On ‘Crooks’, Drew Thompson sings, “I need more stimulation”.
This the plight of the university student. Despite being subjected to an endless stream of club nights/society bar crawls/house parties/birthday parties/flat warmings/protests/guest lectures/bake sales by those who know how dire the alternative will be (studying?), many educated young adults end up feeling under-stimulated anyway.
The eventual outcome of this delusion is a reduction of the self to a series of clichés – the only actions the body has enough energy left to perform. Drew Thompson, the vocalist and only constant member of Single Mothers, addresses this ‘Collusion of Personality’ in many cynical, hard-partying and hilarious anecdotes on Single Mother’s debut album Negative Qualities. Thompson is obnoxious, poignant, disillusioned with adulthood, and loud. All of these… negative qualities would make him the perfect candidate for a member of the opposite sex searching beyond the lads and Hitler Youth haircuts, right? Apparently not, as Thompson seems to suffer from the same sexual frustration problems as the characters he mocks. The lyrics to ‘Patricide’ and ‘Marbles’ would be borderline misogynistic if they weren’t dripping with self-deprecating irony.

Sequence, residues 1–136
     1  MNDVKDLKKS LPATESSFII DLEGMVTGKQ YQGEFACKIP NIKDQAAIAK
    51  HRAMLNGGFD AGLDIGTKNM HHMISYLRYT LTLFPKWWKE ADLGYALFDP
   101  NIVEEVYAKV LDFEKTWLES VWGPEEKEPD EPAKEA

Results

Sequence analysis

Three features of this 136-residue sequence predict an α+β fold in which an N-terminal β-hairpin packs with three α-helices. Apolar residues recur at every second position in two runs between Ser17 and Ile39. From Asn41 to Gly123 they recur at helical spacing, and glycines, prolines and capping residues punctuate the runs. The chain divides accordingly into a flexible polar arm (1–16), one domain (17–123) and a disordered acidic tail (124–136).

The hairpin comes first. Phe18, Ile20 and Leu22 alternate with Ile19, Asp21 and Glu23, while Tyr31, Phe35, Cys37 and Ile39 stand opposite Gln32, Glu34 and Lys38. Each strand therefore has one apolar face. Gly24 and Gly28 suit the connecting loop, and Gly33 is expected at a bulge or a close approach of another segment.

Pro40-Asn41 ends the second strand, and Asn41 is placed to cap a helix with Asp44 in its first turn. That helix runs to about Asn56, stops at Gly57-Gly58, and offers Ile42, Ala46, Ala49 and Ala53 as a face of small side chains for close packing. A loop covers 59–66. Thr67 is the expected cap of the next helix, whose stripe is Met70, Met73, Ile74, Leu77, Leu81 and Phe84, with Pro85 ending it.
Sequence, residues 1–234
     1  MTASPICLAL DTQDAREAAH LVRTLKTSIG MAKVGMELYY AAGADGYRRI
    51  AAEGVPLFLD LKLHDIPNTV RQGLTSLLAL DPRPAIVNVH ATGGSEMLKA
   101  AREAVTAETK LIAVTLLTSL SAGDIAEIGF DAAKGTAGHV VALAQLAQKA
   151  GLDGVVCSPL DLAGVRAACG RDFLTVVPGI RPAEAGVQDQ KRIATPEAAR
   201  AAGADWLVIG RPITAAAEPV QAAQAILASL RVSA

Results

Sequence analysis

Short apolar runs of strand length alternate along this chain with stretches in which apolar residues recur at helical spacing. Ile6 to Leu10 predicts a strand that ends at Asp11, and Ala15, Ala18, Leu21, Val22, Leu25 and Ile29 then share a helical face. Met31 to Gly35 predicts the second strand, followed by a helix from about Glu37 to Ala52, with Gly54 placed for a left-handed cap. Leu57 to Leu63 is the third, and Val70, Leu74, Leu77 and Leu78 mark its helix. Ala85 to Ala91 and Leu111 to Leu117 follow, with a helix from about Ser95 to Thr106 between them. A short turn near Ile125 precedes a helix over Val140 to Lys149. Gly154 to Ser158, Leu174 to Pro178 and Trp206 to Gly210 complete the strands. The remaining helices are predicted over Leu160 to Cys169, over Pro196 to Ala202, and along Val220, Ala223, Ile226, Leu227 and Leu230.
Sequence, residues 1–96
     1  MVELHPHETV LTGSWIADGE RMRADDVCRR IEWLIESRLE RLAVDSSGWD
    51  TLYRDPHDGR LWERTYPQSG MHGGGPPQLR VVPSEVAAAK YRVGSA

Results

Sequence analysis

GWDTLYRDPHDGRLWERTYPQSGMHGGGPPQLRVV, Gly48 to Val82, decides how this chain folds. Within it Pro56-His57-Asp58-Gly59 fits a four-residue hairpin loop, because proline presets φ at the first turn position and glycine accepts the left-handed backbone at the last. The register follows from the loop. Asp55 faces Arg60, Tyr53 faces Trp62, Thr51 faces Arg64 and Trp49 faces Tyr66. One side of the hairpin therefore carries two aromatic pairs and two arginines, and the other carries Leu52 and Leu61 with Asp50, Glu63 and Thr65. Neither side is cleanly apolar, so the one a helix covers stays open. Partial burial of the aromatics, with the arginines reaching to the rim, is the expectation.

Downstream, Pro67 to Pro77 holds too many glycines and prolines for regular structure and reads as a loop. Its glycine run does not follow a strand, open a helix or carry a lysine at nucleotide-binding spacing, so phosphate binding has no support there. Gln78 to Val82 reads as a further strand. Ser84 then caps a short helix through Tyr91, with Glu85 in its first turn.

Thompson’s presence somewhat polarises the band, though. The lyrics and vocals are too voracious to be ignored, and they often threaten to drown out the rest of the band. A great blend of hardcore punk and the new-wave emo of Gnarwolves and La Dispute bleeds through the group’s melodic, explosive progressions. The catchy hooks have an anxious malaise, that and mad tempo juxtaposition also draws comparison to Touché Amoré, whose album Is Survived By was met with critical acclaim last year (the band has also released an EP by Single Mothers on their own label). All this bombast is engaging in the beginning of the album, and also over a few choice tracks on the second half, but somewhere in the listening of Negative Qualities the band seems to melt into a permanent rhythm section, one that doesn’t hold its creative weight particularly against Thompson’s outbursts of Bukowskian prose. The songs where all four members capitalise on their abilities are the best on the album. ‘Ketamine’ is well-paced, brilliant songwriting. A surprise comes as well, in the final track ‘Money’, which ditches the album’s stumbling drunkenness for 90s swagger.